by Walter M. Macdougall, PGM
This author’s first Short Talk Bulletin article was published in 1965, when he was Master of his Lodge. During the past 65 years, Brother Macdougall has written, taught, been a faculty member at the University of Maine, and served as Grand Master of the Grand Lodge of Maine. He is welcomed back, again, as an STB author.
Although this article was written prior to the recent situations of pandemics and protests, its message speaks to us in their light.
One can imagine a “Lone Ranger,” but a “Lone Freemason” seems a contradiction. Freemasons are a band; a working team of men. Not only are we a team, we are one of the busiest groups one can find. One often hears from Masons that they have been so busy that they meet themselves either coming or going.
In all this doing, it is wise to stop for a moment and to reflect on our lives as Freemasons. Be forewarned, when one allows one’s mind the quiet for remembering, the memories of Masonic experiences may come rushing in like the water which threatens to overflow the transom when a motorboat comes to a stop.
As I write, I remember, as a young Mason, going with my lodge to visit a dying brother. As we were leaving, he insisted on standing by the door and shaking every brother’s hand. He passed away soon after that night. All these busy days, we have been witnessing a bravery, a civility, a caring of first-class magnitude.
My first experience as Master at a graveside, Masonic service is still vivid in my mind. In the late fall, we tood in a graveyard. It snowed huge, olemn flake floating down on our bare heads and the top of our brother’s casket. What we have been doing as Masons has sometimes been difficult. We have learned at least in part, the lesson of the Third Degree and striven to build a character that commands us to do not necessarily what is grand and glorious but, rather, what is right. I also remembered the night I became an Entered Apprentice.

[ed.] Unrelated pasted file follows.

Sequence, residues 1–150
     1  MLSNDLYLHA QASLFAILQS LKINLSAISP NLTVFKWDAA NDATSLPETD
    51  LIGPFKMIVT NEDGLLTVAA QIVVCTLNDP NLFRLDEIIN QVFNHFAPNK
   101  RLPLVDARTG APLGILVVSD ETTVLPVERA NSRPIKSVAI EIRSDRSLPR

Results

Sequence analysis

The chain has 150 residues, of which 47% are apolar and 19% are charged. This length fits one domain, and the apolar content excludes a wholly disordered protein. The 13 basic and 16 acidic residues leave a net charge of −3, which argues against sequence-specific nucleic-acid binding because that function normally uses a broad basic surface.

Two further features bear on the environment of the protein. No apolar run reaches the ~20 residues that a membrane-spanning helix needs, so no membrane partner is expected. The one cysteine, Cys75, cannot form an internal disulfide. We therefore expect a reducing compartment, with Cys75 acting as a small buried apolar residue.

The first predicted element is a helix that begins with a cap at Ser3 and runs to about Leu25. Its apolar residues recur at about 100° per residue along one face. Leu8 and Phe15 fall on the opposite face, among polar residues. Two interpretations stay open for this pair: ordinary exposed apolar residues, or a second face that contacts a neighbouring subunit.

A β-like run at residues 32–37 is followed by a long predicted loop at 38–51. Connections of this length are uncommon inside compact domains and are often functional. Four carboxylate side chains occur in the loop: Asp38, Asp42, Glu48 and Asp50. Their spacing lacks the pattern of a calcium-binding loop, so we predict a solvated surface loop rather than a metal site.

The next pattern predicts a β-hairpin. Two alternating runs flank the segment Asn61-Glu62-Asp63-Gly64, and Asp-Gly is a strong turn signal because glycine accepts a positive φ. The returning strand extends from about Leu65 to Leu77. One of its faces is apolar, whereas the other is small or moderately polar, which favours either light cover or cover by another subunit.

Hoodwinked, the lodge room we entered seemed to have grown huge and the knocks that sounded seemed suspended in time. I remembered thinking I am totally in the hands of oth r . Th n ame the moment when I wa addr ed a Brother. It was one of those moments that has made for me, as it has for you, so much difference.
we say that we are builders and that the image of building lives as the very center of a Masonry. What have we been building? Probably many things. For one, we have been building a brotherhood of belonging. That is a wonderful accomplishment! Yet I think that we have been building something of even greater import. As Masons, we have been involved in building a civilization in our minds. Throughout man’s long, red history of growl and batter, a finer way has found voice. It speaks a new language that calls for individual dignity, for justice, for freedom, for responsibility and the lifting up of the unfortunate. This voice aso champions the opening of new vantage points through the arts.